Hammond & Hammond, P.C.

Consumer Bankruptcy

Worried about losing your home? It may not happen in Chapter 7

Most people make an effort to manage their debt by making regular, on-time payments. But as you know, the sudden loss of a job or an unexpected injury or serious illness can wreak havoc on these carefully laid plans. What was once a manageable situation may quickly grow out of control, leaving you worried about your financial future and your family home.

In many cases, bankruptcy can be your best solution to debt problems. But, a lot of people are scared of bankruptcy because they've heard they could lose their home and other assets. In reality, this rarely happens. And in some cases, you may be able to keep your home.

Filing bankruptcy and keeping your home

Chapter 7 is sometimes referred to as "liquidation" bankruptcy. Chapter 7 discharges debts and, in exchange, debtors can be required to sell some property to pay back their creditors. Because your home is typically your biggest asset, it's easy to see why you'd be concerned about having to sell it to pay back creditors. But if you've kept up on your payments and depending on your home's equity, you may be able to write your home off as an exemption.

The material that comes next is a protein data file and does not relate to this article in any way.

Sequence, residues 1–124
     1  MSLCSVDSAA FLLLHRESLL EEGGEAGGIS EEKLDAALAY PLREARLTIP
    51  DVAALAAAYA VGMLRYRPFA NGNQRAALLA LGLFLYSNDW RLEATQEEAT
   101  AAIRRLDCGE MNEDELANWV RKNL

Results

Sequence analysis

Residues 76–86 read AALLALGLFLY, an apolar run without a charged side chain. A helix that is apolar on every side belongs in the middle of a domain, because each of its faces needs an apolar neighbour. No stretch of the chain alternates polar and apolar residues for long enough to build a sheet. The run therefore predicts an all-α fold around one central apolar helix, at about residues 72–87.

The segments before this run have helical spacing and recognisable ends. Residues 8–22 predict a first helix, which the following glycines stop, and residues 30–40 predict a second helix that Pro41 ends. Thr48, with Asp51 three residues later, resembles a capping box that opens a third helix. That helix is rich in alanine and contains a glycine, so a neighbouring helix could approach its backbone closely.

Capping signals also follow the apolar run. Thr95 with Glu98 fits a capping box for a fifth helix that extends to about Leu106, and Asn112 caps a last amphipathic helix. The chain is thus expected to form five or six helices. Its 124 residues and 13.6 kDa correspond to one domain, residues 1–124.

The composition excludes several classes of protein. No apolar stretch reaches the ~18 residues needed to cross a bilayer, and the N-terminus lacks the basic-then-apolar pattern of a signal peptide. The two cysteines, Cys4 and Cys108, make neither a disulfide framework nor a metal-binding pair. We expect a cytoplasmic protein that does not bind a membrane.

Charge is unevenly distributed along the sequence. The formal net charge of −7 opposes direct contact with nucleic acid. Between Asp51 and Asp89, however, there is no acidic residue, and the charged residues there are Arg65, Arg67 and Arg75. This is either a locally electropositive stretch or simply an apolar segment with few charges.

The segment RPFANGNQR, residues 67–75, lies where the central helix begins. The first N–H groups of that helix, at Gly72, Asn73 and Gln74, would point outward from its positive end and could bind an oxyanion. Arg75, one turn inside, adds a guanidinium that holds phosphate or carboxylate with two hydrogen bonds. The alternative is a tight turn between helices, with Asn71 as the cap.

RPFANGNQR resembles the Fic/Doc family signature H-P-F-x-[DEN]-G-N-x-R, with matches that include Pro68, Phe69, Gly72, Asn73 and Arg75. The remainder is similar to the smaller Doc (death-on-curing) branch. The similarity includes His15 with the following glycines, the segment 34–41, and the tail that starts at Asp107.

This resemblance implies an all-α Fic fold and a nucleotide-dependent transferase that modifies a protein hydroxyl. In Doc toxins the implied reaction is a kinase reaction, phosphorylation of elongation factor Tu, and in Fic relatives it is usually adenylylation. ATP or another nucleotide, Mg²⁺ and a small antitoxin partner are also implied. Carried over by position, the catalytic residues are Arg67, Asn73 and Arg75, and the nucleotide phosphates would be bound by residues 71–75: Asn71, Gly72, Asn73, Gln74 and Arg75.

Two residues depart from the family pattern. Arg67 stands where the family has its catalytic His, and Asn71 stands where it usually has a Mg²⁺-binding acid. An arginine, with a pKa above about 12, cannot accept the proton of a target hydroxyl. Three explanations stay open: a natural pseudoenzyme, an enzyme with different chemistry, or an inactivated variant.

Bankruptcy and the homestead exemption

Determining whether or not your home is exempt in bankruptcy, meaning it does not need to be sold to pay back creditors, depends on your home's equity. Equity is the fair market price for your home less the balance of your mortgage or home equity loans, explains an article for FindLaw. If your home's equity falls below Georgia's exemption limit and you are up to date on your payments, you may be able to keep your home.

Even though Chapter 7 may not be the best option for you if you're facing foreclosure, there are other ways to resolve this problem, which you can talk to an attorney about.

Contact a lawyer and know your options

It's important not to let the fear of losing your home to bankruptcy stop you from getting relief from your debt. In many cases, filing bankruptcy is the best option. For some, it isn't. In order to know if Chapter 7 is the right option for you, talk to a bankruptcy lawyer who can explain your options and help you choose the one that's best for you. An attorney can also explain the homestead exemption process and whether you are eligible, which will put you in the strongest possible position after bankruptcy.

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